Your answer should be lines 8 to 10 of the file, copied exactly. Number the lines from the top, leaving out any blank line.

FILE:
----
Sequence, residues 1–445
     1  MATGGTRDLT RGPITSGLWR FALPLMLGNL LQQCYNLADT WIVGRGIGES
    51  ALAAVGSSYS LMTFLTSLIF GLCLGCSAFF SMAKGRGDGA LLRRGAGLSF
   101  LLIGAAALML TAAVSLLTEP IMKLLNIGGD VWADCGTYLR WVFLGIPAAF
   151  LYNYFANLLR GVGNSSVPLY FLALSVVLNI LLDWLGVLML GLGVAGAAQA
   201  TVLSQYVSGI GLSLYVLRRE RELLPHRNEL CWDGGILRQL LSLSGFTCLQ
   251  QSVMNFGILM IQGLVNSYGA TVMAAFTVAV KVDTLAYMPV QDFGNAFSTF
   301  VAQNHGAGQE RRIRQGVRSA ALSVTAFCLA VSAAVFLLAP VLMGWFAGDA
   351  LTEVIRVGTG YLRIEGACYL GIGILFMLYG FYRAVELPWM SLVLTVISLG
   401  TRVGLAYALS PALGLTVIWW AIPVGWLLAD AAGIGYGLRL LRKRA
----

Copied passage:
   301  VAQNHGAGQE RRIRQGVRSA ALSVTAFCLA VSAAVFLLAP VLMGWFAGDA
   351  LTEVIRVGTG YLRIEGACYL GIGILFMLYG FYRAVELPWM SLVLTVISLG
   401  TRVGLAYALS PALGLTVIWW AIPVGWLLAD AAGIGYGLRL LRKRA